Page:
Direct Imaging the Upconversion Nanocrystal Core/Shell Structure at the Subnanometer Level: Shell Thickness Dependence in Upconverting Optical Properties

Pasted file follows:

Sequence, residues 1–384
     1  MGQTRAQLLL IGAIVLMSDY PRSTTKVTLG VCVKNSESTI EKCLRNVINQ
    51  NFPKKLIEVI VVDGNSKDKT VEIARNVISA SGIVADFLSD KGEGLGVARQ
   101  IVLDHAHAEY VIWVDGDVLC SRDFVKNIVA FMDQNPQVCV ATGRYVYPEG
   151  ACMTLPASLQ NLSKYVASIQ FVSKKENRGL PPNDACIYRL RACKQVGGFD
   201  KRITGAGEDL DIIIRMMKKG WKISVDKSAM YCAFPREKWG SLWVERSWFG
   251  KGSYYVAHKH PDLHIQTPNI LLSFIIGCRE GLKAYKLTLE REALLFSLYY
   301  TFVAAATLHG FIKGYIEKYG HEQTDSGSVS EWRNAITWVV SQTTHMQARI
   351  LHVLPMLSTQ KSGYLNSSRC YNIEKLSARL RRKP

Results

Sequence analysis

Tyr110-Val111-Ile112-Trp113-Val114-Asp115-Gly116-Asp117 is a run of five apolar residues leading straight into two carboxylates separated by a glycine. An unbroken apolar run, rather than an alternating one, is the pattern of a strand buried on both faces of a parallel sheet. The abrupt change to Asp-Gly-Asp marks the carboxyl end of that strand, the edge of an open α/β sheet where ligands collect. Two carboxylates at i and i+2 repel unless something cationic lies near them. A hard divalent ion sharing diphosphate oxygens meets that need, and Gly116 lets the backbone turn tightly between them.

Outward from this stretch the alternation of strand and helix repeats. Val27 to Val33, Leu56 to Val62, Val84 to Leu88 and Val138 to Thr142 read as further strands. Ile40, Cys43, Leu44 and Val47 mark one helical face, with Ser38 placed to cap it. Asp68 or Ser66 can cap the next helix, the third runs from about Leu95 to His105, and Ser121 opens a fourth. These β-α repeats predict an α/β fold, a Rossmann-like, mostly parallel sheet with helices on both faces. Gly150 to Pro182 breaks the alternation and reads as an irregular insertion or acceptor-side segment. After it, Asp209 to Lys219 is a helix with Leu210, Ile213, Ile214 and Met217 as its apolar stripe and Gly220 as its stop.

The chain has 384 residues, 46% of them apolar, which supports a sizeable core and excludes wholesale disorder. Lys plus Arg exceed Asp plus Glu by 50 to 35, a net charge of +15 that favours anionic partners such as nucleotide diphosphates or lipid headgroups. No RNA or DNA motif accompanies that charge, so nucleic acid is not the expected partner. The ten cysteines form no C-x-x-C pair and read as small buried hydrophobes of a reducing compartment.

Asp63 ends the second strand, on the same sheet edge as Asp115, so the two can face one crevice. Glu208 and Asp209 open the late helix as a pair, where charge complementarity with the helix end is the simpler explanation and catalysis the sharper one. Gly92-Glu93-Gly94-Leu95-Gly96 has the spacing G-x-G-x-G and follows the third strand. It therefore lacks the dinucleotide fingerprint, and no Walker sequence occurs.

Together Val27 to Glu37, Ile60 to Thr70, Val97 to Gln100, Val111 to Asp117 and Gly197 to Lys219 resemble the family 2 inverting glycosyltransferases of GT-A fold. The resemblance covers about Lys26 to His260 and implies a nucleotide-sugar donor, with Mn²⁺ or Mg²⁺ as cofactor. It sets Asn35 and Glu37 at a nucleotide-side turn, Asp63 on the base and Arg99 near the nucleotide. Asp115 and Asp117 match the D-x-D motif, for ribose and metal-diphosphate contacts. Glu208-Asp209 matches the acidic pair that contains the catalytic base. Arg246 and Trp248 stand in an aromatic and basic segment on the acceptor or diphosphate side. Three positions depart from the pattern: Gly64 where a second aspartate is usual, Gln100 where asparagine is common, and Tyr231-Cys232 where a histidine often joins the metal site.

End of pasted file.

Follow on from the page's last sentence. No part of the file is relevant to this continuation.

Lanthanide-doped upconversion nanoparticles have shown considerable promise in solid-state lasers, three-dimensional flat-panel displays, and solar cells and especially biological labeling and imaging. It has been demonstrated extensively that the epitaxial coating of upconversion (UC) core crystals with a lattice-matched shell can passivate the core and enhance the overall upconversion emission intensity of the materials. However, there are few papers that report a precise link between the shell thickness of core/shell nanoparticles and their optical properties. This is mainly because rare earth fluoride upconversion core/shell structures have only been inferred from indirect measurements to date. Herein, a reproducible method to grow a hexagonal NaGdF4 shell on NaYF4:Yb,Er nanocrystals with monolayer control thickness is demonstrated for the first time. On the basis of the cryo-transmission electron microscopy, rigorous electron energy loss spectroscopy, and high-angle annular dark-field investigations on the core/shell structure under a low operation temperature (96 K), direct imaging the NaYF4:Yb,Er@NaGdF4 nanocrystal core/shell structure at the subnanometer level was realized for the first time. Furthermore, a strong linear link between the NaGdF4 shell thickness and the optical response of the hexagonal NaYF4:Yb,Er@NaGdF4 core/shell nanocrystals has been established. During the epitaxial growth of the NaGdF4 shell layer by layer, surface defects of the nanocrystals can be gradually passivated by the homogeneous shell deposition process, which results in the obvious enhancement in overall UC emission intensity and lifetime and is more resistant to quenching by water molecules.